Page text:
Nick Clegg scores an own goal for the Yes to AV campaign

Branded as too toxic for the Yes campaign, Nick Clegg had long been quiet on AV, until yesterday's speech at IPPR. Despite arguing that the referendum should transcend party politics, the Deputy Prime-Minister proceeded to play into the hands of the No campaign by defending the Coalition and his role in it
Niki Seth-Smith
22 April 2011

Due to his banishment by the Yes campaign as 'too toxic', yesterday was the first time I had heard Nick Clegg argue his case for the alternative voting system since the campaign launch. I'd wholeheartedly supported the decision to distance the campaign from the deputy prime-minister, with his rock-bottom approval ratings, but settling down amongst a small audience at the ippr offices in Central London, I was prepared to be proven wrong. After all, here was Nick Clegg fighting for a referendum outcome, not speaking on behalf of the coalition; perhaps I would be transported back to the pre-election days before Clegg-mania became Clegg-phobia.

You can read the speech here. It opens with a promise to transcend party politics. A yes to AV, Clegg said, would be a "strong start to the job of cleaning up politics" at a time when Britain is faced with a "political crisis to match the economic crisis". It is about "more power and more choice". He accused the No campaign of peddling "falsehoods", and of attempting to "distract" the public by framing the referendum as being about the coalition and party politics.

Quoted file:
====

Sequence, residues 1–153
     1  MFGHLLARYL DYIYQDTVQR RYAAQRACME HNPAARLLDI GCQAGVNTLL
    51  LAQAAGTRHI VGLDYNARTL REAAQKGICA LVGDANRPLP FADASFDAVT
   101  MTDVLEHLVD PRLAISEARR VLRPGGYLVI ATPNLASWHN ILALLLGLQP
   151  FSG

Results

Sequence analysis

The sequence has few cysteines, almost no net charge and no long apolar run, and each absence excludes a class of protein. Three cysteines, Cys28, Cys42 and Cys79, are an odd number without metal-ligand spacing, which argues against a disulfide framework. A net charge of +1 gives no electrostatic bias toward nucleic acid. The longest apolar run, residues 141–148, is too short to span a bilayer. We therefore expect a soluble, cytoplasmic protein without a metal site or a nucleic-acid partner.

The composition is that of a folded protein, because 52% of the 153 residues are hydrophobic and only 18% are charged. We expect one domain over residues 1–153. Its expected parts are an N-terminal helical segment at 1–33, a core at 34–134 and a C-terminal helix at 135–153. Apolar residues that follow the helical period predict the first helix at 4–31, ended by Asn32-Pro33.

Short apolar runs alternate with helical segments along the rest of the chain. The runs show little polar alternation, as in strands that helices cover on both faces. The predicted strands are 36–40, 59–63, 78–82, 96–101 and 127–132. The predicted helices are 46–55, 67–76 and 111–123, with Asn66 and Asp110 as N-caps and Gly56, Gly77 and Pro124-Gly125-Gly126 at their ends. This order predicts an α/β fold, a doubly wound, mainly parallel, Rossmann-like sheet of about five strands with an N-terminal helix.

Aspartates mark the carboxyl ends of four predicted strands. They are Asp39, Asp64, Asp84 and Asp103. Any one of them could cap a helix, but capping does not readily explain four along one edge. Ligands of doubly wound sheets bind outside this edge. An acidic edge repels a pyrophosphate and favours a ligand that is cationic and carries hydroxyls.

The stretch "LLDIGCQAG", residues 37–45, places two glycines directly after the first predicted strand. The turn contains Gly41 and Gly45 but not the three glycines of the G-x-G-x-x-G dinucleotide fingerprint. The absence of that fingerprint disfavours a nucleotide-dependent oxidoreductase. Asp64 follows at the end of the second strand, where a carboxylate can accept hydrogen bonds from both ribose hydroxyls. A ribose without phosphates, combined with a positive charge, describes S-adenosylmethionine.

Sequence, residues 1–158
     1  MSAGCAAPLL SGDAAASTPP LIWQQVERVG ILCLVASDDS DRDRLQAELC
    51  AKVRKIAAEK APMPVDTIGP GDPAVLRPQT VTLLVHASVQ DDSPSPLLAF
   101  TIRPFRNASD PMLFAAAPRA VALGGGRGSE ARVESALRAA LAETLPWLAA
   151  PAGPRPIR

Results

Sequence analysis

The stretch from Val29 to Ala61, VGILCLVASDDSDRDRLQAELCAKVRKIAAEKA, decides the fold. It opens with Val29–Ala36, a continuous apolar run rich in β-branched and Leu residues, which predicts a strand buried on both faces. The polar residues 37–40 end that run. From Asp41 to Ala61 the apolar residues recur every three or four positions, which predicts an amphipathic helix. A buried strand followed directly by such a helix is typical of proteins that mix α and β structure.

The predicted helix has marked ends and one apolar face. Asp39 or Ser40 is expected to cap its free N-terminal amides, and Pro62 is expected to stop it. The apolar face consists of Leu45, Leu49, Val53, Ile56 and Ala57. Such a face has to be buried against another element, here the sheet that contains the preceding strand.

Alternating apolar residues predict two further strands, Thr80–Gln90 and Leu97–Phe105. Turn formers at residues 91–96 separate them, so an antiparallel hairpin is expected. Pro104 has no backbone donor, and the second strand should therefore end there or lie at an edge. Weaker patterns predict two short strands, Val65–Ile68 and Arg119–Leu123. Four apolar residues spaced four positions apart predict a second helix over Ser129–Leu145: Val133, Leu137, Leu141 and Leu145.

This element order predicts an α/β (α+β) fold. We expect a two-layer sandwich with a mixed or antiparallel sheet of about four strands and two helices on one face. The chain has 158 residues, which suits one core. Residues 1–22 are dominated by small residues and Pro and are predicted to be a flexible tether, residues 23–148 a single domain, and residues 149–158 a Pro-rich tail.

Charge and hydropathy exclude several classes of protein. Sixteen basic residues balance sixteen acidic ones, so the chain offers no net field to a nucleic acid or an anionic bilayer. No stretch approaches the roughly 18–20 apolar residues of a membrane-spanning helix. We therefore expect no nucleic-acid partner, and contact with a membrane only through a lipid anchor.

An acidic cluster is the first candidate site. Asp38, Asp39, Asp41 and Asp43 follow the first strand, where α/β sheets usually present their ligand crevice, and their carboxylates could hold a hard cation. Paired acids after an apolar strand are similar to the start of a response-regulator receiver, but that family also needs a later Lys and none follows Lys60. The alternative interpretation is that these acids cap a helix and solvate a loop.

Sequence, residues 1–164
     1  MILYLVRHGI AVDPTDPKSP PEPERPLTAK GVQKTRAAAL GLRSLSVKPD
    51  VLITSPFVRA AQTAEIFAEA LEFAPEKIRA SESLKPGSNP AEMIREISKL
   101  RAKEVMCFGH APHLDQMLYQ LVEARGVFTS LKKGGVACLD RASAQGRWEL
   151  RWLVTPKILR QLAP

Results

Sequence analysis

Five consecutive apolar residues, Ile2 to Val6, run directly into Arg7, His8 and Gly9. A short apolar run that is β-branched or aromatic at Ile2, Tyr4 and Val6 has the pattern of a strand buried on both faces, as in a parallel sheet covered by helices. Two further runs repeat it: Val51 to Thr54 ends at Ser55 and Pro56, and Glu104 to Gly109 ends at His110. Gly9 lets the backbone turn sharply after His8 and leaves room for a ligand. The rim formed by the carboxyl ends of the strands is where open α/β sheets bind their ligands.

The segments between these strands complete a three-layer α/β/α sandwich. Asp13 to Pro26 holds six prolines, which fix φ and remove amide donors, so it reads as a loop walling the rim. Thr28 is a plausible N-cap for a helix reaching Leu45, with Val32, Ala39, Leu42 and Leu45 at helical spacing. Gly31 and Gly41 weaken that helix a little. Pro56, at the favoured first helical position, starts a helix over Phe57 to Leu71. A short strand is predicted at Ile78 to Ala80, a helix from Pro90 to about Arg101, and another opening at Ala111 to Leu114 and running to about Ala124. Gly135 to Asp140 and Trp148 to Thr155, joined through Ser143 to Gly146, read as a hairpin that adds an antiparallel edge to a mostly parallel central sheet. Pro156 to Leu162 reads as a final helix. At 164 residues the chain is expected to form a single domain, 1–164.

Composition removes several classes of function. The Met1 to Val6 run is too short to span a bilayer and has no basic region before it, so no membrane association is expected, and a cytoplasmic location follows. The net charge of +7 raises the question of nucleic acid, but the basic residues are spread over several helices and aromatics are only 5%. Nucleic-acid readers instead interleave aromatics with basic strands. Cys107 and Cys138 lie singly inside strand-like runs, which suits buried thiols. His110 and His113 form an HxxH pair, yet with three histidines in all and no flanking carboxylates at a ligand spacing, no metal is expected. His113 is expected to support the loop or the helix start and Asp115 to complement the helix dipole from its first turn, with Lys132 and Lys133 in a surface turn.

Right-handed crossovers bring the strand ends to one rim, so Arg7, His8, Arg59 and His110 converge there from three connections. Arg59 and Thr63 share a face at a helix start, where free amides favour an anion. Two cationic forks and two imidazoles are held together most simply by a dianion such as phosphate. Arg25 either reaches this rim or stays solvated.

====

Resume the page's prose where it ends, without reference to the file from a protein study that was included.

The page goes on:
Yet he immediately went on to dedicate the next third of the speech to a defence of the coalition and his role in it. AV represents a chance for new politics, he said, but “the truth is this: If we want a different kind of politics, one in which parties can work together in the national interest, we all have to grow up a bit…Compromise is not betrayal.” Proceeding to argue that pluralism means compromise, Clegg made his stance clear: He is already doing the new politics as deputy leader of the coalition, and the alternative vote is another step along the same ‘progressive’ path.

This conflation plays straight into the No campaign’s hands, strengthening their power to manipulate widespread bad feeling towards Clegg as well as opposition to the coalition and its austerity programme, drawing on the anger of the student and anti-cuts movements as well as regular Labour supporters. Clegg doesn’t seem to comprehend this, just as he didn’t appear to understand the argument made to him by Anthony Barnett that the coalition is perceived as widening, not narrowing, the growing gap between people and politicians. 

There’s less than a fortnight to go until the referendum on AV. For the Yes vote to stand a chance, Nick Clegg must play as small a part as possible in its campaign.

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